poet for the help he gave to this work, and for the interest he felt in it. 
Burnet hated Dryden partly on account of the character of Balak drawn 
from him in the second part of Absalom and Achitophel (1682) and that of 
the Buzzard in The Hind and the Panther, Part 3 (1687). He retorted in 
his Defence of his Reflections of Varillas' History where he ridicules 
Dryden's action respecting the suppression of his translation of Varillas, 
and also gives the dramatist a very bad character. Nothing is known of 
any such translation, but Malone found an entry in the Stationers' 
Registers, 29 April, 1686, where it appears Tonson entered the work as 
translated by Dryden by the King's command. The translation was never 
published, and therefore Burnet's statement of the reason for the suppression 
of the MS. his refutation of the book may be accepted. With respect to 
The Hind and the Panther, Malone found in the Stationers' Registers the fol- 
lowing entry 12 [January, 1686-7]: "That Mr. Jacob Tonson this Caveat 
enters that noe person enters the poem called The Hind and the Panther." 

In 1688 Tonson republished together in a quarto pamphlet the early 
pieces of Dryden, viz., Annus Mirabilis, Astecea deduce, Panegyrick, and 
To my Lord Chancellor, which had all been published by Herringman. 

Herringman retained his interest in the plays which he published for 
Dryden, and the new editions were described as printed for him, but 


Tonson managed to obtain an interest in most of these and his name 
appears at one of the booksellers who sold them. 

Don Sebastian was published in 1690 by J. Hindmarsh. 

Tonson published Dryden's translation of Juvenal and Persius in 1693, 
and in 1697 appeared the great translation of Virgil, of which there is much 
to be said from the bibliographical point of view. Dryden undertook the 
work in 1694, and he was busily engaged in its execution until the date 
of publication. 

We know that Dryden obtained part of his payment directly from 
Tonson, and the rest in money received from subscribers who subscribed 
largely to do honour to the translator. The latter plan of obtaining money 
had been previously adopted, but a strange feature of this scheme was the 
economical plan of buying a set of old plates which had been used twice 
before by John Ogilby, 1 respectively in his edition of Virgil's original (1658) 
and in his English translation (1654). The plates in each of Ogilby's books 
are dedicated to a different set of patrons, and the plates when used for 
Dryden's translation were re-inscribed with the names of new subscribers. 

These plates in the small paper copies are very inferior to those in 
Ogilby's volumes, because they have too small margins and are worse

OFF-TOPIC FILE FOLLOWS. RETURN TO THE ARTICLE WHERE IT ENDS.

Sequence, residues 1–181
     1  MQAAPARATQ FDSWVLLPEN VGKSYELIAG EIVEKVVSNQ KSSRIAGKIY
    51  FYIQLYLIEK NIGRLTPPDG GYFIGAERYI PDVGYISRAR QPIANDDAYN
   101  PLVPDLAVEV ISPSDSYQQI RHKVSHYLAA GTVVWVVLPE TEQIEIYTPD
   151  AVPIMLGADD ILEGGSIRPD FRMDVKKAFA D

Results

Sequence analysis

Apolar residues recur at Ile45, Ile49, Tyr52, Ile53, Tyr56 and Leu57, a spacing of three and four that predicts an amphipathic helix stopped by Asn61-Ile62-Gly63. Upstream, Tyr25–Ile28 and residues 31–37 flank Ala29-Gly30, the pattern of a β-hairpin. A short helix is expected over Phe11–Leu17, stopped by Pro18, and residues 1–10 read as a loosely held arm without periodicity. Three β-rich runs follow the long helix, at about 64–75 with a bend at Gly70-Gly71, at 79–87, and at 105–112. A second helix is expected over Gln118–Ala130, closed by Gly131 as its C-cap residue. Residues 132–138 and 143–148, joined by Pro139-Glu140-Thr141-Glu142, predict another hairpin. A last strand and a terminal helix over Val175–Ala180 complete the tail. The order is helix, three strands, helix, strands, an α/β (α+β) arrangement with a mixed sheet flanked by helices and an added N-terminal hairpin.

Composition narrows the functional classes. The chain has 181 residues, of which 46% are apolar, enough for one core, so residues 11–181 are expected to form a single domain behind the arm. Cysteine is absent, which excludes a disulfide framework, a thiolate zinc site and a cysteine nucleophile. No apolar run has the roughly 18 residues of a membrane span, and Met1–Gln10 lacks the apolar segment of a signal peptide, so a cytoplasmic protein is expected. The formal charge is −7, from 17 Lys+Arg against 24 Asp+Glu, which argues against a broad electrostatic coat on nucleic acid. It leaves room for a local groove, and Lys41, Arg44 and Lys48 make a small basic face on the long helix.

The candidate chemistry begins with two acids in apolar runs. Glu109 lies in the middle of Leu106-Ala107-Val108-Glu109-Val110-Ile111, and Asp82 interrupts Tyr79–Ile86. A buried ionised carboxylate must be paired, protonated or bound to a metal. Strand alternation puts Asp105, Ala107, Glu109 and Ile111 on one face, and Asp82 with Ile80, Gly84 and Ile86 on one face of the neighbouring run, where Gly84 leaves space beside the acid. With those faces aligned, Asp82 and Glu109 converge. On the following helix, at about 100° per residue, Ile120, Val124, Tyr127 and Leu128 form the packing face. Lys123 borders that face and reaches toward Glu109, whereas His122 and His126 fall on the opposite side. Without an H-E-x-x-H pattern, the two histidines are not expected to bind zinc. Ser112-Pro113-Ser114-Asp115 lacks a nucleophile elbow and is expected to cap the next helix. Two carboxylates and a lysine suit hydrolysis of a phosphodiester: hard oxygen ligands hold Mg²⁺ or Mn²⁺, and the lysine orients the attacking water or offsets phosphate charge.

printed, but in the large papers of Dryden the plates look as well as they 
do in Ogilby's publications. 

Swift never forgave Dryden's criticism : " Cousin Swift, you will never 
be a poet," and he was very venomous over the Virgil. There are two 
references in A Tale of a Tub : " Our famous Dryden has ventured to 
proceed a point further, endeavouring to introduce a multiplicity of 

In another place he writes : " I do therefore affirm upon the word of a 
sincere man that there is now actually in being a certain poet called John 
Dryden, whose translation of Virgil was lately printed in a large folio well 
bound, and if diligent search were made for aught I know, is yet to be seen." 

(i) Ogilby spelt his name with a b in the English translation, but with a v in the Latin original 



We may here, before proceeding further, refer to the political aspect of 
these plates. Dryden told his sons with great disgust that Tonson, 
although he had been unable to get him to dedicate his Virgil to 
William III, " in every figure of Eneas he has caused him to be drawn 
like King William with a hooked nose." ' 

The well-known epigram corroborates the charge, and a glance at the 
respective works of Ogilby and Dryden will prove it : 

" Old Jacob, by deep judgement sway'd, 

To please the wise beholders 
Has placed old Nassau's hook nosed head 

On poor Eneas' shoulders. 
" To make the parallel hold tack 

Methinks there's little lacking; 
One took his father pick-a-pack, 
And t'other sent his packing." 

No other alterations were made in the plates besides the changes in the 
face of the 

There has been much discussion respecting the money received by 
Dryden for his translation of Virgil. Even with the evidence now in our 
possession it is still almost impossible to say exactly what the conditions 

I think it will make the question clearer if I first quote Malone's and 
Saintsbury's calculations, and then test them by Tonson's original accounts 
as delivered to Dryden, which are now in my possession, and are printed 
as an appendix to this paper.* 

Malone writes as follows in his Life of Dryden : " What the precise 
terms were, on which this version was given to the publick, it is now not 
easy to ascertain. One set of Subscribers, consisting of one hundred and 
one persons, contributed five guineas each to adorn the work with 
engravings ; which however were only the old plates used by Ogilby 

(1) Letter (3 Sept., tfx)i\. Dryden' t Prose Workt, by Malone, 1800, vol. i, pt. 2, p. 55. 

(2) I obtained these Manuscripts some years ago from Mr. Quaritch, who al<o possesses the original 
Receipts given by Dryden for ten Subscriptions for "my Translation of Virgil's Works," with three 
signatures of Dryden, dated 4 January, 1695-6. 


thirty-five years before, retouched. The second set of Subscribers, who 
paid two guineas each, were two hundred and fifty-two ; so that the whole 
subscription money amounted to more than one thousand guineas, but 
from the first subscription a certain sum, perhaps two guineas of each 
contribution was retained by Tonson, I suppose to defray the expence 
of the plates. What deduction was made from the sum paid by the